But now my hope and prayer is that “synodality” becomes the lasting Franciscan contribution to our Catholic vocabulary. This pope—a man of deep prayer who is schooled in the Ignatian spiritual tradition of discernment and who bears witness to the freedom of the Holy Spirit—is content to convene the bishops and the whole People of God to learn again to “walk together,” which he reminds us is the foundational meaning of “synod.” It is also a phrase used by John XXIII in that moonlight speech: “tutti insieme in fraternità,” everyone together in fraternity towards peace. Pope Francis is also reformulating the use of synods so that they are not only periodic events for convening bishops in affective collegiality, but also the new way of being the Church at every level. If this attempt is successful, its impact will be comparable to that of the Second Vatican Council, opened by another pope who was seen to be nearing the end of his days.

Francis builds on the legacy of the Second Vatican Council’s restoration of the Synod of Bishops as a permanent reality in the Church. Lumen gentium provided a renewed look at the traditional ministry of the bishop; the council restored the office of diocesan bishop as being much more than a “branch officer” for the corporate offices in Rome. The council also discussed the collegiality necessary among all bishops who share responsibility for the universal Church with and under Peter. Still, there was no intermediary structure between the local bishop and pope, except for the national and regional conferences of bishops, which are more about fraternal collegiality than effective governance. The Synod of Bishops would be convened by the pope, discuss pertinent issues at the pope’s request, and provide a global perspective to the pope.

Pope Francis himself, as a bishop, did not appreciate synods that seemed to merely rubber-stamp decisions and directives made elsewhere, mainly by the Roman Curia. He lamented his own experience of bishops who shared opinions and critiques outside the synod hall, but who had been much more reserved about doing so in the Holy Father’s presence. At his first synod as Bishop of Rome, the extraordinary Synod on the Family, Francis instructed the participating bishops to speak boldly and listen charitably. It seems that some were better at implementing the first half of the directive. Another of the frequently repeated words in the Francis lexicon is parrhesia, or boldness, which he insists is necessary in the synodal process if real discernment, listening, and dialogue are to take place. The Acts of the Apostles describes such parrhesia. But in the synodal setting, time for silence, prayer, processing, and discernment is just as important. 

The recent diocesan phase of the universal Synod on Synodality was meant to be an exercise in teaching this method to the whole Church. Indeed it was a start, but there is a long way to go. Francis has clarified that synods are not to function in parliamentary fashion: there are no parties and it is not simply a matter of winning the majority to one’s side of an argument. Real synodality should not have winners and losers; if people are not open to a change of heart through dialogue, they have yet to learn the synodal method. Francis is not at all afraid of learning from failures and trying repeatedly to get it right. Many across the ideological spectrum would consider the Amazon Synod to have been a failure—some because it did not result in the ordination of married deacons to the priesthood or women to the diaconate, others because of their horror that such issues even came to the floor. In his discernment, Pope Francis said that it was not the moment to act on such proposals, because all the participants came with their preconceived views on the topics and no one was open to change.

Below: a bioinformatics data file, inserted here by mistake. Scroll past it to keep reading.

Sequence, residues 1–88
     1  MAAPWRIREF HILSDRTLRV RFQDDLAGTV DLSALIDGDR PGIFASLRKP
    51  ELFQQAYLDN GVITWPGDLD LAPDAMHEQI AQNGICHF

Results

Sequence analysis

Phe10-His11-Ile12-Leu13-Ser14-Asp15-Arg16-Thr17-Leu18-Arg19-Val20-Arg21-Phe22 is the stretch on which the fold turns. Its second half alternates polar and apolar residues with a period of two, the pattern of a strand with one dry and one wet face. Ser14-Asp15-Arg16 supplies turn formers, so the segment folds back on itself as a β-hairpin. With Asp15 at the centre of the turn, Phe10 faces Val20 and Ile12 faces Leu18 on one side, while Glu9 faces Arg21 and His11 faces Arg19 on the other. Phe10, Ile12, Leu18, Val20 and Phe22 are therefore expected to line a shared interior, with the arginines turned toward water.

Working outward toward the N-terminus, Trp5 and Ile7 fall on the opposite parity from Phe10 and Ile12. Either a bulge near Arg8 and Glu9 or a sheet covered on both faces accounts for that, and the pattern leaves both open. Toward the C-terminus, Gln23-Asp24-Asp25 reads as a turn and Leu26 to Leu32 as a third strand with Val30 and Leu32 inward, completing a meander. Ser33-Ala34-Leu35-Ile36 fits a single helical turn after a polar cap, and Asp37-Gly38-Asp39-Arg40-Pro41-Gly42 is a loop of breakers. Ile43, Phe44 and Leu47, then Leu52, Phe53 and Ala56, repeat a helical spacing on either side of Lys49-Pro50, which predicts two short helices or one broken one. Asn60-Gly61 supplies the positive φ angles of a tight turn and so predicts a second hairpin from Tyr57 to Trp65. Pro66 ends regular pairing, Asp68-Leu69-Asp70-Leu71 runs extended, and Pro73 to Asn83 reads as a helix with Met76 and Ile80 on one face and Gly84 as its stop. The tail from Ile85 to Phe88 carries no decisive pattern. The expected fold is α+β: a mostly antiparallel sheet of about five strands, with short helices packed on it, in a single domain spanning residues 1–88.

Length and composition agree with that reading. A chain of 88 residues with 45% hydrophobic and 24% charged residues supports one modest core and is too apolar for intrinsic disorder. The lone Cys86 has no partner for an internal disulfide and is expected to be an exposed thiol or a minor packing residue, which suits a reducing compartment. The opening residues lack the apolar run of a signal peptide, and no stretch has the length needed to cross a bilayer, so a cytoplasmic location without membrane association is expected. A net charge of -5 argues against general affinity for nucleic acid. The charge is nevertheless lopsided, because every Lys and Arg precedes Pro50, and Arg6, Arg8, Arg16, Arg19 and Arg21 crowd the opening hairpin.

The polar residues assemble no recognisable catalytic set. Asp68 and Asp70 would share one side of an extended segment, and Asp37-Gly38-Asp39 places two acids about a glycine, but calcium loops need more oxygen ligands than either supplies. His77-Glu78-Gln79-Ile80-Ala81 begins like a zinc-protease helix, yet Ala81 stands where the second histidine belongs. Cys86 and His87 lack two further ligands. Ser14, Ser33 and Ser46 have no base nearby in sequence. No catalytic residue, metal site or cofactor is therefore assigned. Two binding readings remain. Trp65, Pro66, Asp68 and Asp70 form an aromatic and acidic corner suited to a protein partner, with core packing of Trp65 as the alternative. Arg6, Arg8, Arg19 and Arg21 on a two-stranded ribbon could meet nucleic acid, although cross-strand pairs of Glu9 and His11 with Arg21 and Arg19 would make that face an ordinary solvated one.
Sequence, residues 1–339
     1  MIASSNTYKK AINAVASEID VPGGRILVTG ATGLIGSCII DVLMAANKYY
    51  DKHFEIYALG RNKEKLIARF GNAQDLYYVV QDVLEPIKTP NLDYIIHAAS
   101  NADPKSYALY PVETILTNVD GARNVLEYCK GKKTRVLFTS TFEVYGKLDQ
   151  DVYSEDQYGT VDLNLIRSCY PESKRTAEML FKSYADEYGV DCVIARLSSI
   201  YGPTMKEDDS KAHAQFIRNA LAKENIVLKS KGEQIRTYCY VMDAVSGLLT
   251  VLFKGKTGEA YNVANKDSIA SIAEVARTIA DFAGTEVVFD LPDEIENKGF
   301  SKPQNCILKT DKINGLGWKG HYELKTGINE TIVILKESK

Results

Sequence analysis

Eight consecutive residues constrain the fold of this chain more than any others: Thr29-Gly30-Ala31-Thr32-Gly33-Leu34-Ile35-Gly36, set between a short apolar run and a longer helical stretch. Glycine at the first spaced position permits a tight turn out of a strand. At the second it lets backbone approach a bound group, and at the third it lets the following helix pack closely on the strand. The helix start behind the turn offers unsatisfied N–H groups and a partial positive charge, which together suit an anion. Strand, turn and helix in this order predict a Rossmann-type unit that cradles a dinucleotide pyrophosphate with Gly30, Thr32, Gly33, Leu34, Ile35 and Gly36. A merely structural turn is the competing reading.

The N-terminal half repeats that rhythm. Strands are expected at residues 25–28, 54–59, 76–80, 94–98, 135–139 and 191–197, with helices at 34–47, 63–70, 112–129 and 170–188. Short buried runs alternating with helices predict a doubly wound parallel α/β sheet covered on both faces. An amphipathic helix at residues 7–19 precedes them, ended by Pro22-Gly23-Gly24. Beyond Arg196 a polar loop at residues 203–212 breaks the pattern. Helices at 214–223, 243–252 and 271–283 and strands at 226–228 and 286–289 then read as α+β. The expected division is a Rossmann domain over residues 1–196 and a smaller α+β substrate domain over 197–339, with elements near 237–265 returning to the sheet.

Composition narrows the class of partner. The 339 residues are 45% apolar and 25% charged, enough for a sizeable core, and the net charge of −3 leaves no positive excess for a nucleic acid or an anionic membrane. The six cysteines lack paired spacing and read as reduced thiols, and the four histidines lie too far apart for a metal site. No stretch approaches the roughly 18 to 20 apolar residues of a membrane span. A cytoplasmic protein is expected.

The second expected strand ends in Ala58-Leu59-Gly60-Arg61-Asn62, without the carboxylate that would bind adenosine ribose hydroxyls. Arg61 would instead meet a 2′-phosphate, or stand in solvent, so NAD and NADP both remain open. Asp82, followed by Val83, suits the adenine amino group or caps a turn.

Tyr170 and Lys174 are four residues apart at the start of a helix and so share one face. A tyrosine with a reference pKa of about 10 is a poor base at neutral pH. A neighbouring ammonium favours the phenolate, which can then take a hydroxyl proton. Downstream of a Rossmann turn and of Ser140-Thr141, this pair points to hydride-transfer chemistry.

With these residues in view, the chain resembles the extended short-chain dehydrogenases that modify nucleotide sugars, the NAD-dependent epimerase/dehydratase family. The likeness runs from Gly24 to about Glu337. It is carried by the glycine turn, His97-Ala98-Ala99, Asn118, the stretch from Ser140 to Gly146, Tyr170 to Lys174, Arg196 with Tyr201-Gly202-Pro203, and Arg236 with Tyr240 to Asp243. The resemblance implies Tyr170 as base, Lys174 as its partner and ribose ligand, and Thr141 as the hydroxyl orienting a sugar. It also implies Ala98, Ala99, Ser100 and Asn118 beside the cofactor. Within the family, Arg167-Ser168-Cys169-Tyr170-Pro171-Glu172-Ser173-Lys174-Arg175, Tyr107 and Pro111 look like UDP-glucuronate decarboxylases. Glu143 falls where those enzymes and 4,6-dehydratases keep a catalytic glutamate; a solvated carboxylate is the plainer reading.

>> Use this link to read Pax Christi International’s submission to the synod process, which included contributions from Pax Christi USA

In considering the implementation of the Synod on Synodality in the United States up until now, we can see both an initial grasp of the concept of synodality along with an enthusiasm for the process of listening and consultation—but also a well-founded wariness about whether anything will come of it. (I am referring here to the laity primarily.) There are also critiques of the process, suspicions of its agenda, and attempts to discredit it. Reception by the bishops in the United States can be characterized as lukewarm at best. There are places in the country where the synod has been embraced and eagerly implemented, and places where there has been little to no engagement with the process.

My perspective is shaped by having been the bishop from my region (the ecclesiastical provinces of Louisville, Mobile, and New Orleans) who coordinated our regional synthesis and was part of the USCCB team that coordinated the national synthesis. I also participated in the drafting of the continental synthesis. While every diocese in my region did something, some were content to merely offer an online survey. An online survey can be a helpful tool, especially when there was a desire to include the disaffected and alienated who would probably not be inclined to come to a church gathering for the purpose. But an online tool alone can hardly be an expression of the “walking together” that the synod is supposed to be about.

The dominant cultural pragmatism in North America was evident in the desire to know “where this is going.” Bishops frequently stated that they do not know how to lead a process when the desired outcome of that process is unclear. I think the pope’s response to that complaint would be that the bishops are not meant to lead the process, but to facilitate the Holy Spirit’s guidance. It is easy to see why the national “Eucharistic Revival” has received far more energy, attention, and resources in the U.S. Church: there is a plan, there is marketing, there is a beginning and end point, there is substantial funding, and there is a problem to be addressed, namely the concern that Catholics do not believe sufficiently in the Real Presence. Instead of ensuring a eucharistic centrality to the synodal process, allowing for an organic discernment about our eucharistic understanding, plans for a mega-event featuring plenty of pre-conciliar piety and theology have replaced the focus on the Synod for a Synodal Church in the USCCB. It does not strike me as coincidental that much of the Eucharistic Revival focuses on eucharistic adoration, passive in nature, and so offers an easy alternative to the active engagement of walking together synodally.